REXBURG — On June 14, Mickelsen’s Home Center will be closing their doors for good. This family business ran by generations of Mickelsen men and women is closing the doors on their 82-year-old business.
“Well we’ve been in business 82 years and it’s time to change. The town’s changing and it’s time,” said Dave Mickelsen, owner and partner of Mickelsen’s Home Center.
The business will be closed permanently. All of the inventory is 20% off and the property is for sale too.
“I don’t know what I’ll do but my next job will have health insurance, I will get a day off, and hopefully I’ll get some kind of vacation days,” Mickelsen said. “Of course It’s hard for me to find a new job when I’m still taking care of this old outfit.”
Dave Mickelsen said he was ready to let the store go.
“I’m ready, the last few years have definitely been a struggle,” he said. “Hopefully I don’t get more gray hairs.”
He said that recent changes caused the business to suffer.
“Now it seems like a lot of the apartments around here are buying online instead of local,” Dave Mickelsen said. “They’re just not buying in the area. And then when the city built the four lane road out in front and then took away my parking lot, that was the nail in the coffin so to speak.”
He said the parking lot they did have is gone and vehicles can be seen racing past the store front.
“We used to have diagonal parking with seven parking spots,” Dave Mickelsen said. “Now we only have two parking spots in front of the store and this road out here is a racing track. It’s not a maximum of 25, it’s a minimum 25 speed limit. They don’t even see the signs.”
Charles Mickelsen, Dave’s father, said that although he’s been retired since he was 60 years old, he still goes in everyday to open shop and get the day started.
When asked if he’s sad to see the business go, Charles said, “Yes, I am.”
Mickelsen’s began in the early 1930’s when Dave Mickelsen’s great grandfather was working at a hardware shop across the street from Flamm’s Funeral Home. After some thought, he decided to create his own store, inviting his four sons to join him in 1937. The building they worked in was the building across the alley way from where Mickelsen’s stands today. That building was destroyed during the Teton Dam flood in 1976, just 43 years ago.
“We used to deliver a lot of coal before the flood, it was the main way you heated houses,” Dave Mickelsen said. “My dad has an old story that after a snowstorm he would always get a call to deliver coal to a house just so they would drive the truck in and plow it out to get the coal delivered. Then the business evolved into more with a lumber yard at the time of the flood and now it’s more a hardware store than lumber.”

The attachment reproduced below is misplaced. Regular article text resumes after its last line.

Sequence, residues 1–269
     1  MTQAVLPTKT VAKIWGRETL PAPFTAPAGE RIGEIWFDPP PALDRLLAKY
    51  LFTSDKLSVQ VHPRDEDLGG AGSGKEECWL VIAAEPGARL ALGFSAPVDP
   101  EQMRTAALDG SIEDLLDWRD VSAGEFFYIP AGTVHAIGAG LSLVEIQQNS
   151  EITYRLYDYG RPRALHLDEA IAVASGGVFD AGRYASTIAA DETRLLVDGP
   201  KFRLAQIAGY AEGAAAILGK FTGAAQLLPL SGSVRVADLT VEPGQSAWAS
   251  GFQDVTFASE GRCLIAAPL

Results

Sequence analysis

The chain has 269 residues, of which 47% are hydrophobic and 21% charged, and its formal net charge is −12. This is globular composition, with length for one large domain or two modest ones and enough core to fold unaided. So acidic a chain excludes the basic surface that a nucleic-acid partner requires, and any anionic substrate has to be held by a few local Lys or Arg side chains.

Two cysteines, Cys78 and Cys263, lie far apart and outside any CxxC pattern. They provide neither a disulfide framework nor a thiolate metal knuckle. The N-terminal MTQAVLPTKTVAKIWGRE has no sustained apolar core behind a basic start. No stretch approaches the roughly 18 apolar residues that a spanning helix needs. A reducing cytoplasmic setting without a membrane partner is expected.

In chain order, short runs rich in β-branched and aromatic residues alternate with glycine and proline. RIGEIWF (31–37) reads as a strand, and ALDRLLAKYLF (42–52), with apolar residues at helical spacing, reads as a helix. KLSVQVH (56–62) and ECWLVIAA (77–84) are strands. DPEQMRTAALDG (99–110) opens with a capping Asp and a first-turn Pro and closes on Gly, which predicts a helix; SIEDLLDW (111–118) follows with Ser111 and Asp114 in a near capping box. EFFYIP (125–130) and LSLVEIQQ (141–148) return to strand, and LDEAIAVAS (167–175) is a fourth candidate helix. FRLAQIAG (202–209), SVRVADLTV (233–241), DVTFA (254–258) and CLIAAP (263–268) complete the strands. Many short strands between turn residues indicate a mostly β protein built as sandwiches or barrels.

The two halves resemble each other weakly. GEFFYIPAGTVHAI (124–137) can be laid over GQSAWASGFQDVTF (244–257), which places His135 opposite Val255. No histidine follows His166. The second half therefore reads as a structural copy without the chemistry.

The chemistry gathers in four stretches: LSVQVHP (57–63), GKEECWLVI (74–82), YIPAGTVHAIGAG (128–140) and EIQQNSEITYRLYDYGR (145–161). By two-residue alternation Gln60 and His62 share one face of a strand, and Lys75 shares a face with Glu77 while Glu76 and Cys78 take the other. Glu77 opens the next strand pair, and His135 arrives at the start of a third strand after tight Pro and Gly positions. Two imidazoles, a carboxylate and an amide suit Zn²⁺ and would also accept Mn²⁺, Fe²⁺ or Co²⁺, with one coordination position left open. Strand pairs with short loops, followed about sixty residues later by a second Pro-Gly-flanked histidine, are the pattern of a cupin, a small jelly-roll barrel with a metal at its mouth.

At the time of the Teton Dam flood, Charles was running the business with his, then nine-year old son, Dave. Dave Mickelsen said he remembers the flood but doesn’t know if as a child he knew the gravity of what happened.
Charles Mickelsen said that on the day of the flood, he and his two sons were on top of the garage that Charles had just built. From there, they watched the river water wash away farmland, cows, and mobile homes. He said there was a flash and they were gone.
Charles Mickelsen said when the flood happened the streets were full of water. He said he went to leave to their store when someone told him they wouldn’t make it, he replied “just watch me.”
He said the water reached the hubcaps of his pickup truck and when they arrived, their store was flooded with six feet of water and two feet of mud. The windows of their business was washed out with the water and their basement was filled to the brim with mud. The back garage door got knocked out as well, by logs. They had just purchased new lights and lighting fixtures before the flood but when the dam came crashing down all the new lights and fixtures ended up covered in mud.
“[When the flood happened] I was nine years old and I was cleaning nuts and bolts at the front of the store so I’m actually in the video at the Teton Dam museum,” Dave Mickelsen said. “Out at the front of the store cleaning nuts and bolts and we went for miles away to get units of plywood to bring back after the flood, so that was an interesting time. There was actually six feet of water in the store.”
Charles Mickelsen said they would have a truck come in from Salt Lake that would haul out mud from the store. They would spend all day shoveling mud out of the store and by night, they would sit outside in front of the store take a break, talk amongst themselves and then go home to sleep before doing it all over again the next day.
When asked what it was like, Charles Mickelsen just said “a mess.” They had six pieces of property all under water that day.
“To me it didn’t affect me much, I guess I was too young to understand but I know we wore out a washing and drying machine that year at home,” Dave Mickelsen said. “Luckily our house was on the hill so we weren’t flooded, we weren’t homeless.”
Mickelsen’s Home Center has been the place to go for custom wood cutting, screen repair, window installment, door repairs, U-haul rental, hardware retail and more for just barely less than a century.
“The tough one is I don’t know [who people can go to for fire extinguishers,] we used to do a lot of fire extinguisher service and there’s a lot of people that need that service here in Rexburg and I don’t even know who to send them to now,” Dave Mickelsen said, “besides Idaho Falls.”
With the business closing, the Mickelsen family wanted to thank the customers who kept them going all these years.
“We appreciate the people that have supported us over the years, that have helped us get to 82 years,” Dave Mickelsen said. “Thanks to our loyal customers, unfortunately a lot of them are passing. The newer generation is of different buying habits. Just thanks for the support and hopefully we’ll move on and up.”